Tasha Lawrence, Gideon Glick, and Michael Laurence star in Samuel D. Hunter's The Few, directed by Davis McCallum, at Rattlestick Playwrights Theater.
Tasha Lawrence, Gideon Glick, and Michael Laurence star in Samuel D. Hunter's The Few, directed by Davis McCallum, at Rattlestick Playwrights Theater.
(© Joan Marcus)

All the lonely people. Where do they all come from? Don't be surprised if "Eleanor Rigby" is playing on repeat in your head after seeing the New York premiere of Samuel D. Hunter's The Few at Rattlestick Playwrights Theater. While the famous Beatles song never appears in this surefooted production from director Davis McCallum, the theme of crippling solitude spins around the stage with such frequency, it begins to feel like a broken record. In fact, a lot of the territory and characters in this play feel eerily familiar.

The Few takes place in a cluttered trailer off a highway in the vast American west, sometime in 1999. Stacks of old newspapers dominate the shelves. Flying fish traverse the black screen of a chunky computer monitor. A water stain the shape of Alaska expands on the ceiling (detailed and realistic set design by Dane Laffrey). This is the office of The Few, a newspaper for truckers founded by trucker/poet Bryan (a convincingly gruff Michael Laurence), tough lady QZ (the flawless Tasha Lawrence), and their best trucker friend, Jim.

After Jim died in a terrible head-on collision, Bryan bolted, leaving QZ to run the paper. While Bryan started The Few as a kind of literary magazine for long-haulers (read: advertizing poison), QZ has managed to make the rag profitable by relying heavily on personal ads (12-15 pages per edition) while skimping on the editorial content (a page or two). She also has the help of Jim's 19-year-old nephew, Matthew (Gideon Glick), who is the only other employee. Naturally, QZ is thrown off guard when Bryan returns one day to resume his place at the paper. Can they pick things up where they left off?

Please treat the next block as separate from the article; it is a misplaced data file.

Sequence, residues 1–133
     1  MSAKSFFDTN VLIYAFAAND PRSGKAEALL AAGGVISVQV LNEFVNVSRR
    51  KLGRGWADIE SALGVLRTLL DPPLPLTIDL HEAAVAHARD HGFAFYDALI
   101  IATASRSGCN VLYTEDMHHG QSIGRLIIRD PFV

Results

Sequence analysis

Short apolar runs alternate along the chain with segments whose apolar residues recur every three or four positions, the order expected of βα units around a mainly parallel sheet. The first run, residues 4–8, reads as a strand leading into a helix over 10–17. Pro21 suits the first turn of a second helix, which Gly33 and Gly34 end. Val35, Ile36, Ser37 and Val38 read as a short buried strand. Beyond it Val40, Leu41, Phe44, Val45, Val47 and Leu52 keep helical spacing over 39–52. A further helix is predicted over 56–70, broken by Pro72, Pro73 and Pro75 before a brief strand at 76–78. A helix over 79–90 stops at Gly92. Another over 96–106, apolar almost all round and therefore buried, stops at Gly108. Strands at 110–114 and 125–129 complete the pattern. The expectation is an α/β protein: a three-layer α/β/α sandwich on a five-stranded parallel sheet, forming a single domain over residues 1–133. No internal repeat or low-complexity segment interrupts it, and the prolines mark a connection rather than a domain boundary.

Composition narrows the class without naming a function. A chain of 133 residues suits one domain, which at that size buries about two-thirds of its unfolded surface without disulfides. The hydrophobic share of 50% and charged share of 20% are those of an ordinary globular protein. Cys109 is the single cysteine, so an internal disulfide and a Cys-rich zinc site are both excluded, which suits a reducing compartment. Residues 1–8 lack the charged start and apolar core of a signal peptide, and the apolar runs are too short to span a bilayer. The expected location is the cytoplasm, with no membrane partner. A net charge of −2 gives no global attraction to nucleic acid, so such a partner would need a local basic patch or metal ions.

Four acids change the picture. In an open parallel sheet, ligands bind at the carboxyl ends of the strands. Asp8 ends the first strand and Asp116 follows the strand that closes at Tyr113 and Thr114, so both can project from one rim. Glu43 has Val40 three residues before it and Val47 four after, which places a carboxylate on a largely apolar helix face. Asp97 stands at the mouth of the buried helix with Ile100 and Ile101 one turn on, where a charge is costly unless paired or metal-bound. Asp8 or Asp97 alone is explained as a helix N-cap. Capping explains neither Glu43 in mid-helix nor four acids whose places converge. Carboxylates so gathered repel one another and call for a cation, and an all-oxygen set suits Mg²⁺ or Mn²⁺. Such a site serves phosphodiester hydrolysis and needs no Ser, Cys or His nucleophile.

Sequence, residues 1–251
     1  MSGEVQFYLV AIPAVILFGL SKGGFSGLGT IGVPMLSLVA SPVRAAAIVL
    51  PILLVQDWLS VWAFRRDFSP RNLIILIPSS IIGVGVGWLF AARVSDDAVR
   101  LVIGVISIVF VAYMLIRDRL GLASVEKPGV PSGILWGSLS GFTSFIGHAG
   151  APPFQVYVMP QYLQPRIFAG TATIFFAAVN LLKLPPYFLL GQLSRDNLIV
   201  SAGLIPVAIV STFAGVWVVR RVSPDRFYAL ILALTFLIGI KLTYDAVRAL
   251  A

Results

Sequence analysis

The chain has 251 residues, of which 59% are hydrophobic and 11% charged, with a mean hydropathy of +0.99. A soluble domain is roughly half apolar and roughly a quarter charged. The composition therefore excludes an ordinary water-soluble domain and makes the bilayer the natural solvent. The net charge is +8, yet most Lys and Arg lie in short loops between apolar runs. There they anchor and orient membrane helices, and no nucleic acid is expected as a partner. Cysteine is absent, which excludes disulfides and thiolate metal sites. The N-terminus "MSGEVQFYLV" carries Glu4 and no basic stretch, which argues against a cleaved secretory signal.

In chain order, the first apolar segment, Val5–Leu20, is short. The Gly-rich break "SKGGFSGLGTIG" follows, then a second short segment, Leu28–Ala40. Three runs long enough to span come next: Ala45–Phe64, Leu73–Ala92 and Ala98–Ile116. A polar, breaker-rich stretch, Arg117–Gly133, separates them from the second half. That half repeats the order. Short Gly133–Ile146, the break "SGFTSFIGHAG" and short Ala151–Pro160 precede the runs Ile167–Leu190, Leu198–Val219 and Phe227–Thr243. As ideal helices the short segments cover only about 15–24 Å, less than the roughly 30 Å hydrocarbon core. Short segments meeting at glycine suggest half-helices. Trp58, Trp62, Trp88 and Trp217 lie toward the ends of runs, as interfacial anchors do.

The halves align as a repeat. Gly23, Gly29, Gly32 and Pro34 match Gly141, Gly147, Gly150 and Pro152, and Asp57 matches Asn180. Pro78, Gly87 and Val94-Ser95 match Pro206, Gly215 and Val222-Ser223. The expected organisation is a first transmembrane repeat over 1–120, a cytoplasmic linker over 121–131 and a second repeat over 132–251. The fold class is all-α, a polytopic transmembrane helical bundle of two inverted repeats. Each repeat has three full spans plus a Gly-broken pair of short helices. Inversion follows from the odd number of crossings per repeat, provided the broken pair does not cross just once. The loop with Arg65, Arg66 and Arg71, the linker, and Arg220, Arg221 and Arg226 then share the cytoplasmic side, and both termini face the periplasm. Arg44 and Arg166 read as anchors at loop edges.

Lawrence and Laurence exude chemistry almost as in sync as their homophonous surnames. You never question for a second that these two people have a long and painful history together. QZ's cut-the-crap ball-busting routine is an obvious defense mechanism, cultivated from years of disappointment and hurt. As Bryan, the smoky-voiced, booze-swilling, über-literate cowboy, Laurence is simultaneously repulsive and alluring. Still, I couldn't shake the feeling that I'd seen this character before. (Isn't he appearing in another trailer uptown?)

Gideon Glick's beguiling portrayal of Matthew is far more surprising. Gangly and awkward yet shockingly assertive, he feels like a Martian in this macho world of truckers and gonzo journalism. Costume designer Jessica Pabst convincingly tells the story of a young gay man who has not yet discovered his own fashion sense by outfitting Matthew in a striped red polo, K-Mart boxers protruding ever-so-slightly out of his blue jeans. With a slight lateral lisp and constant trepidation, he prods Bryan for stories of the good old days, when The Few wasn't just Hot Trucker Monthly (as Bryan derisively calls it).

Despite Glick's thrilling performance, his puppy-dog enthusiasm and later desperation feel all too predictable. Hunter manages to wring every ounce of suspense out of a script that is severely lacking — we can see where this show is going all the way back from the 10-mile marker.

Also, considering the story is about a paper that relies on personal ads for revenue, little consideration is given to the impending online dating revolution. It should feel like the digital sword of Damocles is hanging over the trailer. Instead, Hunter focuses on how these characters' damaged interpersonal relationships sink their already-doomed fish wrapper. The inevitable demise of print is an afterthought.

In the end, the most memorable aspect of the show is the endless stream of personal ad placements blaring from the trailer's answering machine. Call after call from the "desperately seeking" pours into this lonely-hearts club: some quite funny, others unspeakably sad. They influence and color the action onstage, not so subtly reminding us that the three people we see before us are not the only unhappy people in the universe. 10-4, good buddy.